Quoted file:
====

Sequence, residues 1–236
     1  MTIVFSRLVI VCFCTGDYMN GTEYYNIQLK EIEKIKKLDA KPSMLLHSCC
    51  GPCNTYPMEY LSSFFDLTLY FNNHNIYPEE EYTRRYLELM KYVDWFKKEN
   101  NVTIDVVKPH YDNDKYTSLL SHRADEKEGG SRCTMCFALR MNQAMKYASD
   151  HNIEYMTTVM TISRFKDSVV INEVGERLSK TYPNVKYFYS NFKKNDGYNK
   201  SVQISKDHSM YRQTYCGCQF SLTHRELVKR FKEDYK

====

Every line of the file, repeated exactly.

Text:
Sequence, residues 1–236
     1  MTIVFSRLVI VCFCTGDYMN GTEYYNIQLK EIEKIKKLDA KPSMLLHSCC
    51  GPCNTYPMEY LSSFFDLTLY FNNHNIYPEE EYTRRYLELM KYVDWFKKEN
   101  NVTIDVVKPH YDNDKYTSLL SHRADEKEGG SRCTMCFALR MNQAMKYASD
   151  HNIEYMTTVM TISRFKDSVV INEVGERLSK TYPNVKYFYS NFKKNDGYNK
   201  SVQISKDHSM YRQTYCGCQF SLTHRELVKR FKEDYK